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Credit Cycles

  • John Moore
  • Nobuhiro Kiyotaki

This paper is a theoretical study into how credit constraints interact with aggregate economic activity over the business cycle. We construct a model of a dynamic economy in which lenders cannot force borrowers to repay their debts unless the debts are secured. In such an economy, durable assets such as land, buildings and machinery play a dual role: they are not only factors of production, but they also serve as collateral for loans. Borrowers' credit limits are affected by the prices of the collateralized assets. And at the same time, these prices are affected by the size of the credit limits. The dynamic interaction between credit limits and asset prices turns out to be a powerful transmission mechanism by which the effects of shocks persist, amplify, and spill over to other sectors. We show that small, temporary shocks to technology or income distribution can generate large, persistent fluctuations in output and asset prices.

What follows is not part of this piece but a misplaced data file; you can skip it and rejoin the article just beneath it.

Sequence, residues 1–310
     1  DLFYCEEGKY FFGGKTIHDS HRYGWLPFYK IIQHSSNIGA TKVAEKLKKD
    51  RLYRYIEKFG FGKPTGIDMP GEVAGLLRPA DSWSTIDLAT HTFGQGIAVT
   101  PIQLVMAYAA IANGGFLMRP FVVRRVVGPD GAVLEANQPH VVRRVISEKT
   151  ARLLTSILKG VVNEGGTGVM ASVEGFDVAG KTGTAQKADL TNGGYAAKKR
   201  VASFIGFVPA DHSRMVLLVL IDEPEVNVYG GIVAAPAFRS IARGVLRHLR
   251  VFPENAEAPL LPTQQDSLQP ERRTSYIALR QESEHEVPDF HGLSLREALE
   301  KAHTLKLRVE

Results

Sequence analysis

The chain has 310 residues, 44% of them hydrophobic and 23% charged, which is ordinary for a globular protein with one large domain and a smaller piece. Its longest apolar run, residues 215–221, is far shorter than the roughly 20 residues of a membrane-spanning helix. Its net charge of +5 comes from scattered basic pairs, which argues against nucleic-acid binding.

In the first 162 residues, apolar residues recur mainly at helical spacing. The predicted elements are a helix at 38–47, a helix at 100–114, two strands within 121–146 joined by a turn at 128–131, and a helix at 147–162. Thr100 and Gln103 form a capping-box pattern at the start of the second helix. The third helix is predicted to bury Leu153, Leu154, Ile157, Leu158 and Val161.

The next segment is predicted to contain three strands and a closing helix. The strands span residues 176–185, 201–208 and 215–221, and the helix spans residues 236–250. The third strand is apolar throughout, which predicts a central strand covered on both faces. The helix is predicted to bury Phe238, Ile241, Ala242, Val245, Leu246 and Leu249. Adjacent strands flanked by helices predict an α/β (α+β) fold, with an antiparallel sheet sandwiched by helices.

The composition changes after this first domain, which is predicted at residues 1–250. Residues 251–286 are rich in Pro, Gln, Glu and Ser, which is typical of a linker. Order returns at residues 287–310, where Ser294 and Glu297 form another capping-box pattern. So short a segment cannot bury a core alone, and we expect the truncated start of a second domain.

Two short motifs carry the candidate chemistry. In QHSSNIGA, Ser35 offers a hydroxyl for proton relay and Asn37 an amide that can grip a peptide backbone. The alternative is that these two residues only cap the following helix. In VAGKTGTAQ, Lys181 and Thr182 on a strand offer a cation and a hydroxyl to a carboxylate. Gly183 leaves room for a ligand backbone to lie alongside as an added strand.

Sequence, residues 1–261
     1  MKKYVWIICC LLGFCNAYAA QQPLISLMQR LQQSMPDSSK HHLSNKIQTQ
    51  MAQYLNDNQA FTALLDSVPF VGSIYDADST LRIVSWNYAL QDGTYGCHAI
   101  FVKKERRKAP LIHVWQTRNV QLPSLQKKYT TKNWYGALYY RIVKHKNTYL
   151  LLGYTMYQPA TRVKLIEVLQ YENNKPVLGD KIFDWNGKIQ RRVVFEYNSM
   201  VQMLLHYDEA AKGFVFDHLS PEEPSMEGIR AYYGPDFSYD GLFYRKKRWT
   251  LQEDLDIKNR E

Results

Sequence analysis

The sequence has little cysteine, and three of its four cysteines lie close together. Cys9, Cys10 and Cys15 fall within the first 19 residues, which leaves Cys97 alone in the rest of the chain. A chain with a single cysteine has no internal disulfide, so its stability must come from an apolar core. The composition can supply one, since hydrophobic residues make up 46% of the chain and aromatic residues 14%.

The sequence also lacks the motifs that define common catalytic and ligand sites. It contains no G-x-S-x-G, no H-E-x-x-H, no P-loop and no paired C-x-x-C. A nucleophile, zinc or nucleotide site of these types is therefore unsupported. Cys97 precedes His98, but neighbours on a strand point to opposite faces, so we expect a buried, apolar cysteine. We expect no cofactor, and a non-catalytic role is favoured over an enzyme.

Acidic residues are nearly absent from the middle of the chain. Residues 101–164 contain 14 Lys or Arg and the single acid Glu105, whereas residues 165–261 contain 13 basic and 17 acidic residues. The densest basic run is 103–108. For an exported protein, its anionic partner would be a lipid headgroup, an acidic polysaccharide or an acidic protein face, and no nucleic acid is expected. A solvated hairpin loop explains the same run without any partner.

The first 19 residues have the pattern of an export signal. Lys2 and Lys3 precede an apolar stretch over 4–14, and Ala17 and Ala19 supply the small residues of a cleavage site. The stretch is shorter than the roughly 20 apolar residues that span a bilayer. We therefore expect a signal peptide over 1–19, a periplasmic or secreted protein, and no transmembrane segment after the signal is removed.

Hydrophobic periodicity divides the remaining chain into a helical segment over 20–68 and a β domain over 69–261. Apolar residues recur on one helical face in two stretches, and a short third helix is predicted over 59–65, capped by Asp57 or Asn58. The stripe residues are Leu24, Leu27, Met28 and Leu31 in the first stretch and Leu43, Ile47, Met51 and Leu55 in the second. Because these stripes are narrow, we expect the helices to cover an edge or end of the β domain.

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Paper provided by Edinburgh School of Economics, University of Edinburgh in its series Discussion Papers with number 1995-5.

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Handle: RePEc:edn:ediedp:1995-5
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  1. Oliver Hart & John Moore, 1997. "Default and Renegotiation: A Dynamic Model of Debt," Harvard Institute of Economic Research Working Papers 1792, Harvard - Institute of Economic Research.
  2. Bernanke, Ben & Gertler, Mark, 1989. "Agency Costs, Net Worth, and Business Fluctuations," American Economic Review, American Economic Association, vol. 79(1), pages 14-31, March.
  3. Oliver Hart & John Moore, 1991. "A Theory of Debt Based on the Inalienability of Human Capital," NBER Working Papers 3906, National Bureau of Economic Research, Inc.
  4. Bernanke, Ben S, 1983. "Nonmonetary Effects of the Financial Crisis in Propagation of the Great Depression," American Economic Review, American Economic Association, vol. 73(3), pages 257-76, June.
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